• The IQR (the range between the 25th and 75th percentile) is recognised internationally as a suitable determinant of arm's length pricing. The use of the IQR has been specifically recognised in the OECD Guidelines, and also in other developed countries, including Singapore9, the United Kingdom10, and the United States.11

The 37.5th to 62.5th percentile now propounded in the 2023 TP Rules represents a narrowing of what is internationally accepted as the arm's length range in TP.

  • Pursuant to paragraph 3.60 of the OECD Guidelines, no adjustments should be made if the taxpayer's results come within the arm's length range.

The 2023 TP Rules however purport to empower the DGIR to make adjustments to the median even when a taxpayer's price is already within the arm's length range.12

  • The OECD Guidelines recognise that where adjustments are to be made i.e., where the taxpayer's results fall outside the arm's length range,13 any point in the range could arguably satisfy the arm's length principle.14

Even if there are comparability defects, the OECD Guidelines do not mandate the use of the median but recognises that appropriate measures of central tendency to be used include the median, the mean, weighted averages, or other measures, depending on the specific characteristics of the data set.15

In this regard, it remains to be seen whether the act of rigidly prescribing the median as the arm's length price is wisdom or folly. One cannot but help recall the KLHC's observation of the median as a poor determinant and "arbitrary measure" of arm's length pricing.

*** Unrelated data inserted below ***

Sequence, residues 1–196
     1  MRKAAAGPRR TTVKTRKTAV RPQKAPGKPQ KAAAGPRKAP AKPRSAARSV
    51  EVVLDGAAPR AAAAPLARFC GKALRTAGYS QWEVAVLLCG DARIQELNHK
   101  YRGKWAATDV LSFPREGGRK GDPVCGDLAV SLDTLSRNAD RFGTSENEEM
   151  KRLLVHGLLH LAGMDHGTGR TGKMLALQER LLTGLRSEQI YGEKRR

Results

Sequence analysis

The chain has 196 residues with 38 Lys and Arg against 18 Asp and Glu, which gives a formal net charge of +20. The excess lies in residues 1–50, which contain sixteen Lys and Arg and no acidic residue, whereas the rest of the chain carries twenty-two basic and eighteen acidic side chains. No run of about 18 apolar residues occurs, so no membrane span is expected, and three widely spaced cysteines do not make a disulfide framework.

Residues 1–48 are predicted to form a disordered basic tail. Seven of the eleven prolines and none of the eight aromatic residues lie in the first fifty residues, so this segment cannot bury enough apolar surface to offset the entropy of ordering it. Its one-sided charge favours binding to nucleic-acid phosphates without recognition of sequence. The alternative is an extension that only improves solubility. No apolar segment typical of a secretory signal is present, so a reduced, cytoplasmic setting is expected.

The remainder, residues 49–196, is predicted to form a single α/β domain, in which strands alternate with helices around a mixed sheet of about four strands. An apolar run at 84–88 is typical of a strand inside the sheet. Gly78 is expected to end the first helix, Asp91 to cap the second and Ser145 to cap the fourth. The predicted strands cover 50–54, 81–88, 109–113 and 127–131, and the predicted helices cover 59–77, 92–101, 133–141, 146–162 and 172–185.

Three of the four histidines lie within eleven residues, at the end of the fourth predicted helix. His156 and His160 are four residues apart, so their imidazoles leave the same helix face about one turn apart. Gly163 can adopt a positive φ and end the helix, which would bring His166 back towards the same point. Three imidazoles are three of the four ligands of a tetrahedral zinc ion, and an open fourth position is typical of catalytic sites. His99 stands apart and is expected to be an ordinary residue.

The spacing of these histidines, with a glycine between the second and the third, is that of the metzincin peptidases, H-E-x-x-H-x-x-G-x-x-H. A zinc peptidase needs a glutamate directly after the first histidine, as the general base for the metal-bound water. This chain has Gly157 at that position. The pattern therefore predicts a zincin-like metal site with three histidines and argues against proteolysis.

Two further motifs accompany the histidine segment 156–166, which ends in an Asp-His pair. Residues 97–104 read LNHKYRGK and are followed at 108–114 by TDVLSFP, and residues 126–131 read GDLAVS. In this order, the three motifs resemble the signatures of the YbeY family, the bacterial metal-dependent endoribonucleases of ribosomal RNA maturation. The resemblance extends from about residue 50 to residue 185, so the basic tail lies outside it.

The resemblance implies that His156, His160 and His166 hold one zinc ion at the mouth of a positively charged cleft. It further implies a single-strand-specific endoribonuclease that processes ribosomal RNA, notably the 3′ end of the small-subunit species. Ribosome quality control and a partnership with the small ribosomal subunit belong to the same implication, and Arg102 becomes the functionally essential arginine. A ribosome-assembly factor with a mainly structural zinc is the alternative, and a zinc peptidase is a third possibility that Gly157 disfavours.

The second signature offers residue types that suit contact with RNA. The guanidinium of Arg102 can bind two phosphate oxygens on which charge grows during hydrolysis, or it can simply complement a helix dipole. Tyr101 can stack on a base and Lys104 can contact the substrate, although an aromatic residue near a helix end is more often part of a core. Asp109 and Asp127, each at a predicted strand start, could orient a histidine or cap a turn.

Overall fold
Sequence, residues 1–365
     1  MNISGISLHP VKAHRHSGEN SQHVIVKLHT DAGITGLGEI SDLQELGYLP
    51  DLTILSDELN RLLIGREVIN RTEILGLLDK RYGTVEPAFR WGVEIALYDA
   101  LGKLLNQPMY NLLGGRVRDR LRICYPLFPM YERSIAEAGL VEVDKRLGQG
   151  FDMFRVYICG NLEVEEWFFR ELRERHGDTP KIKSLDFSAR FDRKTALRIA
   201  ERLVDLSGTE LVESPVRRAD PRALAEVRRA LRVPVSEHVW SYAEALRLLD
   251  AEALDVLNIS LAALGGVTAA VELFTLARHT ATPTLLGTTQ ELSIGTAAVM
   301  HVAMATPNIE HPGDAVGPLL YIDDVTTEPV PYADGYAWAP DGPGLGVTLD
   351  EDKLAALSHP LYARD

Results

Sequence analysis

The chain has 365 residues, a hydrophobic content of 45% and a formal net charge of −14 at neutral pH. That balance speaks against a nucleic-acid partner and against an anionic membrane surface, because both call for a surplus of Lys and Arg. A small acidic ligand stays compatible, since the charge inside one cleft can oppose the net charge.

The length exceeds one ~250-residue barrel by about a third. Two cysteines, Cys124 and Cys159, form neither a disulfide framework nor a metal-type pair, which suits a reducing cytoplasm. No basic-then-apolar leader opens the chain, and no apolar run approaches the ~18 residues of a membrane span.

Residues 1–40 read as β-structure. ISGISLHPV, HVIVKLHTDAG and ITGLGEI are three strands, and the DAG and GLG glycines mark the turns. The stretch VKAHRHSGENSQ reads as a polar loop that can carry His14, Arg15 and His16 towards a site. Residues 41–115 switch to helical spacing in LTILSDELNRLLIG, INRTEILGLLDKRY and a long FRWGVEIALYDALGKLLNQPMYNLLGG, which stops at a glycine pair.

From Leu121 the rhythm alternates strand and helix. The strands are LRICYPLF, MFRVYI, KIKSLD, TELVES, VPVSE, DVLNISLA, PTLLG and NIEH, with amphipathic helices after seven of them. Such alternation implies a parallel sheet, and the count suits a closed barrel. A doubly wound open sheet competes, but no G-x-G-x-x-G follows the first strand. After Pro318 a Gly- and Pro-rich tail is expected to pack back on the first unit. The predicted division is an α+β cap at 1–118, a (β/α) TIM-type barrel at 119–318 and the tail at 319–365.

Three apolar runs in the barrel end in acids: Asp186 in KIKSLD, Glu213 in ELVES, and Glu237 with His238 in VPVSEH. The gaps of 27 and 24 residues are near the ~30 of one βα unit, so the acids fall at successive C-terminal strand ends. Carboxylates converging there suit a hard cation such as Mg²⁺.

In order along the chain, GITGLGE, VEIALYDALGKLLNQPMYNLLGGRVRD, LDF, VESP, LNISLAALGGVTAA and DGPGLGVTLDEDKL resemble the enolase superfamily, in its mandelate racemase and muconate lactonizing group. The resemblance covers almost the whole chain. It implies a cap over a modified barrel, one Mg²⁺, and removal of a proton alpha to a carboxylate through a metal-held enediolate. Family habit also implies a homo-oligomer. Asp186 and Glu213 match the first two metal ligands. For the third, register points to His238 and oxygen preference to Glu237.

Potential Areas of Contentions Arising from the 2023 TP Rules

Contentions are also expected to arise between taxpayers with the DGIR on, amongst others, the following matters:

  • The impact of the 2023 TP Rules on on-going TP audits and cases under litigation involving YAs before YA 2023.

For instance, it may now be open for a taxpayer to argue that prior to the 2023 TP Rules, there was no express provision whether in the Income Tax Act 1967 (ITA) or the 2012 TP rules which empowered the DGIR to make TP adjustments to the median.

In short, are the additions to the 2023 TP Rules an express recognition of ambiguities in the earlier legal position? If so, it is a trite principle in tax law that any ambiguities ought to be construed in favour of the taxpayer.16

  • The 2023 TP Rules are made by the Minister pursuant to his powers under Section 154(1)(ed) of the ITA. This provision empowers the Minister to make rules "...implementing and facilitating the operation of section 140A...".